His name was Andrew, and Alan didn’t know what he had been expecting, but it wasn’t to make a friend who lived only two streets away from him. He wrote to Creamy about it, though made it sound like his being at the club had been less through design and more through accident, because there was less bluff now, and more of what was really happening. In return Creamy told him secrets of his own, about life at home, and the time his last band had played at a less than reputable venue, and he’d ended up on the receiving end of the sort of kiss intelligent blokes didn’t brag about.

It made him feel frustrated, restless. He wished the other man could be here, or at least in England. Take him up on his offer to come back and stay with him. Not in some hostel somewhere he didn’t even have a hope of pronouncing.

‘So it wouldn’t bother you?’ he wrote instead, keeping it to the purely hypothetical because he hadn’t told anyone, and he wasn’t entirely certain, anyway.

‘Of course not, you should know me better’, Creamy wrote back, and Alan didn’t know if it was just wishful thinking, or if there was real feeling behind it.

“We’re looking for a guitarist,” Andrew told him, when they met up for coffee, one of the lads he had worked with on the ferries gawping as they passed him. “We’re not looking to hit the big time or anything. It’s just a bit of a giggle, you know how it is.”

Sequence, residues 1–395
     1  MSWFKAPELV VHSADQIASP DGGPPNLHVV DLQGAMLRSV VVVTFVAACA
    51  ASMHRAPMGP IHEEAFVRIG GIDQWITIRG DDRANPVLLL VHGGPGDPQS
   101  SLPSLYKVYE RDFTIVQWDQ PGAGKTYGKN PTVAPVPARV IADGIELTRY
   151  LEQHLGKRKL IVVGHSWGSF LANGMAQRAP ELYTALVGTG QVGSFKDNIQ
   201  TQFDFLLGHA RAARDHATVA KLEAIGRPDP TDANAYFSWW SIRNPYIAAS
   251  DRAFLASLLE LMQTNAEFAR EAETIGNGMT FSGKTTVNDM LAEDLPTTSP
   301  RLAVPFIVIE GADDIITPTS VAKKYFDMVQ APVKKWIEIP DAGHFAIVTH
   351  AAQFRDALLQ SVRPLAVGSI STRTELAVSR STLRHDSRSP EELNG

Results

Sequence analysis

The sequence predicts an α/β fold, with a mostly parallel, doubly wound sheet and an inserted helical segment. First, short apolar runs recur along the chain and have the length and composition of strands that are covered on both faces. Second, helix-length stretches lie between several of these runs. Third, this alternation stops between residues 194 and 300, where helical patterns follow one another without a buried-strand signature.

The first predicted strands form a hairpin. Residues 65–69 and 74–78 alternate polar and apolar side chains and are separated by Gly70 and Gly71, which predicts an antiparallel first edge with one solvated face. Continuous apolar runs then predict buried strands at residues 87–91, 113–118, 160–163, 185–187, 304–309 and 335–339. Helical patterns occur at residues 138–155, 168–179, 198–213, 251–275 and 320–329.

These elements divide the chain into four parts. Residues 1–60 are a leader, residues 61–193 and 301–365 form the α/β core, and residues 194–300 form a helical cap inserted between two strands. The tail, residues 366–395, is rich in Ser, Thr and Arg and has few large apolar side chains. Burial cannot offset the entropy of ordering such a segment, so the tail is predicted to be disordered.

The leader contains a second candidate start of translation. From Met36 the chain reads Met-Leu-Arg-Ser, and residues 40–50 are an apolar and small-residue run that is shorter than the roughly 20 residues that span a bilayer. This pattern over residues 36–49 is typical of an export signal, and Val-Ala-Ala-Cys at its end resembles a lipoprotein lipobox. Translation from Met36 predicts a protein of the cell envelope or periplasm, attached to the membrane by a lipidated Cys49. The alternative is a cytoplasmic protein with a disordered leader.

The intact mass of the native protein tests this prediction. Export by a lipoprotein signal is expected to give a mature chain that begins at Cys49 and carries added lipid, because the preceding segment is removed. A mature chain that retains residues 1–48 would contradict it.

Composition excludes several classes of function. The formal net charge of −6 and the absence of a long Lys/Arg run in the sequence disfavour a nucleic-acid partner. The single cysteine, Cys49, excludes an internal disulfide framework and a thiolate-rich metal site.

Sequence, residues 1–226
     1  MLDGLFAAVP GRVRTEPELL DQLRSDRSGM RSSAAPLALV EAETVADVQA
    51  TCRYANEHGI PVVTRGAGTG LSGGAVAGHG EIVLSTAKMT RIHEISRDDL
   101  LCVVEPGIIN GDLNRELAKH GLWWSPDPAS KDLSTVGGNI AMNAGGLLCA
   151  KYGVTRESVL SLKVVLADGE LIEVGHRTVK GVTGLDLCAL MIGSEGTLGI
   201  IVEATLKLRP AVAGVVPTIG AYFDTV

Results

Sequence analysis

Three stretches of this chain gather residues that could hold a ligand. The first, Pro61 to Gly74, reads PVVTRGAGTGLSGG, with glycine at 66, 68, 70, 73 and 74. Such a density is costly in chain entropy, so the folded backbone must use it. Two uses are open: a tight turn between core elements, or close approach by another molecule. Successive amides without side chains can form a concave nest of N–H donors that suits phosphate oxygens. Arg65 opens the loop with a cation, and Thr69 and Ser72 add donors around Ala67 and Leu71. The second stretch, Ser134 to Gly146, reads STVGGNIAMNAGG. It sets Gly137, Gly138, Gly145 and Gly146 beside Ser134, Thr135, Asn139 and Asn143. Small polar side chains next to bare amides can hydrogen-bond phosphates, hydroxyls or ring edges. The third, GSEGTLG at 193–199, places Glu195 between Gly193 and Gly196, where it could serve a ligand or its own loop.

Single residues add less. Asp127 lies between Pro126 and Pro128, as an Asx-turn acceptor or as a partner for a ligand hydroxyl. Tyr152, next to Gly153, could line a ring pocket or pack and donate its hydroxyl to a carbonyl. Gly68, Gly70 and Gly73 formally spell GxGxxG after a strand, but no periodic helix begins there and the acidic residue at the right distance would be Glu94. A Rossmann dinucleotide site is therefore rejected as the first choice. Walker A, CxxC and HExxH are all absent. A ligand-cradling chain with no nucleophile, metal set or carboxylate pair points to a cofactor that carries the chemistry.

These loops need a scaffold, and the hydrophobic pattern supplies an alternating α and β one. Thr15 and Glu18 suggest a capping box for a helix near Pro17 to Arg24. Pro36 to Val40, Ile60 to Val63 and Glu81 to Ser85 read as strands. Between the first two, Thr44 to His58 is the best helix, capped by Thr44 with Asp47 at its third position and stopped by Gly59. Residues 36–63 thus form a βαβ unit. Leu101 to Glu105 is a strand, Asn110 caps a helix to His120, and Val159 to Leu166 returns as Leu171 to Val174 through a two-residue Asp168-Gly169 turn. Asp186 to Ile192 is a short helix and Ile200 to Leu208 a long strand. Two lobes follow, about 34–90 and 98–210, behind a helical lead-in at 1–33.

Creamy encouraged him to go for it, in his next letter, after a description of the Swedish coastline, and the following Thursday found him in some dive of a function room, after work, trying to prove that he wasn’t completely tone deaf. They accepted him into the fold and news got round like wildfire, so that he nearly came to blows with Martin at work over his constant snide comments.

He had always been too much of a soft touch, too eager to stand up for the minority. His supervisor sent him on an errand to the corner shop to cool down, and even when he got back it was still thrumming in his veins, hot and primitive. The problem was that back at Grange Hill he’d only ever been an ally; they had to see him with Benny or Hughsey to put two and two together. Now he was going to be fighting on his own front. It was a more frightening prospect than he would have credited.

It wasn’t much of a surprise to have Tucker on the phone a week later, telling him what he’d heard from a mate of Doug Harper’s.

“And what if I am, Tucker?” He asked, though he didn’t feel half as confident as he sounded. “It’s 1986, it’s not illegal.”

“No-one said it was,” Tucker shot back, obviously irritated. “Does your Uncle Vic know?” He asked after a moment, calmer.